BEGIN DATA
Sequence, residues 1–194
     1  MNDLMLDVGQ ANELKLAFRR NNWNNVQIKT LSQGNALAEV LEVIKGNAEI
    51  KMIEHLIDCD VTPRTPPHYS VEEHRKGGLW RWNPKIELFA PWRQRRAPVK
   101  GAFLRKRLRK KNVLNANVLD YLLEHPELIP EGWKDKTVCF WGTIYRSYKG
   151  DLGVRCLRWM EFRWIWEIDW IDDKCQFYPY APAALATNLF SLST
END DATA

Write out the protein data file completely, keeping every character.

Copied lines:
Sequence, residues 1–194
     1  MNDLMLDVGQ ANELKLAFRR NNWNNVQIKT LSQGNALAEV LEVIKGNAEI
    51  KMIEHLIDCD VTPRTPPHYS VEEHRKGGLW RWNPKIELFA PWRQRRAPVK
   101  GAFLRKRLRK KNVLNANVLD YLLEHPELIP EGWKDKTVCF WGTIYRSYKG
   151  DLGVRCLRWM EFRWIWEIDW IDDKCQFYPY APAALATNLF SLST